Despite his complex relationship with Poland, Tansman made regular references to Polish culture in his compositions. “We can’t just erase the cultural traditions and the memory of the environment where we grew up”, Tansman explained. “Whether or not my music is known in my home country, I belong to Polish culture. I’m a French citizen, but that doesn’t change my artistic affiliation that has always been manifested in my music.” This was expressed literally in the form of quotations from folk music, or more indirectly through a nostalgic, melancholic character that Tansman perceived in Polish music, or with references to Polish masters such as Chopin. The titles of the three movements in the Hommage à Chopin, – Prelude, Nocturne and Valse Romantique – are also unmistakeable references to Chopin’s work. Tansman succeeds in turning the idiom of Chopin’s piano works into a stylised composition for the guitar.
The life of Mario Castelnuovo-Tedesco (1895-1968) reveals certain striking similarities with that of Tansman. He belonged to a group of avant-garde composers in Italy between the world wars. He was also a successful pianist, critic and essayist. Because of his Jewish heritage, his music was put on the list of prohibited works in 1938. In 1939, he and his family fled to the United States, first to New York and then to California. Like other European Jewish composers, he found work in the legendary Hollywood film studios. Castelnuovo-Tedesco contributed to no fewer than 250 film projects. He fulfilled various commissions, from arrangements of existing music to writing entire scores. In many cases his work was never acknowledged. He was also known as an excellent teacher, with pupils including Henry Mancini and John Williams, who are now legendary composers in their own right. Castelnuovo-Tedesco also wrote operas and chamber music, such as the Tre Preludi Mediterranei (1955). This work for solo guitar is an example of his neoclassical period, in which he refers to traditional forms and Italian culture and history. However he claimed that he “never believed in modernism or neoclassicism or any ism at all.” He believed that above all, music should be expressive. That is the least we can say of his ‘three preludes’. Each movement has its own character: the lovely Serenatella, heartfelt Nenia (lament), and exuberant Danza.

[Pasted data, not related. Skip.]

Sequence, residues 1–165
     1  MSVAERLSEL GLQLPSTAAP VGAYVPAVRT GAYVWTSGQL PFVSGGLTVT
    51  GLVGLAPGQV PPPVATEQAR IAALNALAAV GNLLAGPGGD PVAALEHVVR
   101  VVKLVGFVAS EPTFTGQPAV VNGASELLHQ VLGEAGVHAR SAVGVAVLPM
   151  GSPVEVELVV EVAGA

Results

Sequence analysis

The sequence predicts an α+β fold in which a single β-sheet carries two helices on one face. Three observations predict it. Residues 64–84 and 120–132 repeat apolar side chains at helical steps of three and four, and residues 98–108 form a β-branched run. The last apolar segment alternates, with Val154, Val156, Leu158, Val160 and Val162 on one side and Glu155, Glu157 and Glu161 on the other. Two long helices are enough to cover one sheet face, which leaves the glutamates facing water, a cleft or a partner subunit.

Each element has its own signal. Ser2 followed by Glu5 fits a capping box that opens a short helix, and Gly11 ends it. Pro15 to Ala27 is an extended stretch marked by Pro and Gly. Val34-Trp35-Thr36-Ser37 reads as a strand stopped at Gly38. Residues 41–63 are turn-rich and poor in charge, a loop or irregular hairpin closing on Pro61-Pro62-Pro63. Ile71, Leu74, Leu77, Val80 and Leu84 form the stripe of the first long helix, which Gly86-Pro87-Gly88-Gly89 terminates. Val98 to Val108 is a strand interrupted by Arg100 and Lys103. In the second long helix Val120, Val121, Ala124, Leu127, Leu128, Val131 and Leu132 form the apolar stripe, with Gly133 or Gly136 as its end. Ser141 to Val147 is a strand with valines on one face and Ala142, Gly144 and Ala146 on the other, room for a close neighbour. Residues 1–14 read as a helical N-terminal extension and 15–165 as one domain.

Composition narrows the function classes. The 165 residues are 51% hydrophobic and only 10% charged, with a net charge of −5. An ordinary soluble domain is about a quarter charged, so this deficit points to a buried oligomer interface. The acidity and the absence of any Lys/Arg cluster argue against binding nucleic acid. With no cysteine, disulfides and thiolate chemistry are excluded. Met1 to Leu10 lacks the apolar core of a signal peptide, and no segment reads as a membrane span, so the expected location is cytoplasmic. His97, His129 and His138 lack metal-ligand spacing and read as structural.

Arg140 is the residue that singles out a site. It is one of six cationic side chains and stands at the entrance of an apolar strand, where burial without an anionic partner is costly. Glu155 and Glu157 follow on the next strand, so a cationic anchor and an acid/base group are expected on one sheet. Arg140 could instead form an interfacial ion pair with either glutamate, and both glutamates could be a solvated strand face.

This project was made possible by the donations of many music lovers to AMUZ’ ‘Support Fund for Young Belgian artists’. Find out more
Hommage à Chopin (1966)
III. Valse romantique
Tre preludi mediterranei (1955)
Harold Arlen / Toru Takemitsu
Over the rainbow (1977)
Matthias Vancutsem, guitar
Matthias Vancutsem studied the classical guitar at LUCA School of Arts (Lemmensinstituut) in Leuven and at the University of Wisconsin-Milwaukee in the United States. He has studied with teachers including Raphaella Smits, Antoon Vandeborght and René Izquierdo, and taken masterclasses with Álvaro Pierri, Leo Brouwer, Marcin Dylla and Lorenzo Micheli. He plays a guitar made of cedar wood built by Dennis Tolz.